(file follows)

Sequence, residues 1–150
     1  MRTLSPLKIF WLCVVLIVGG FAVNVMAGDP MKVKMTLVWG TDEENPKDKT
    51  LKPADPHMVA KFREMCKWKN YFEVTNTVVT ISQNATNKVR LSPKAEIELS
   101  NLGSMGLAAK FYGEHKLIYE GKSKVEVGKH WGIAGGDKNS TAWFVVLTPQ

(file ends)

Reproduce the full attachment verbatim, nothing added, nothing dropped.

Sequence, residues 1–150
     1  MRTLSPLKIF WLCVVLIVGG FAVNVMAGDP MKVKMTLVWG TDEENPKDKT
    51  LKPADPHMVA KFREMCKWKN YFEVTNTVVT ISQNATNKVR LSPKAEIELS
   101  NLGSMGLAAK FYGEHKLIYE GKSKVEVGKH WGIAGGDKNS TAWFVVLTPQ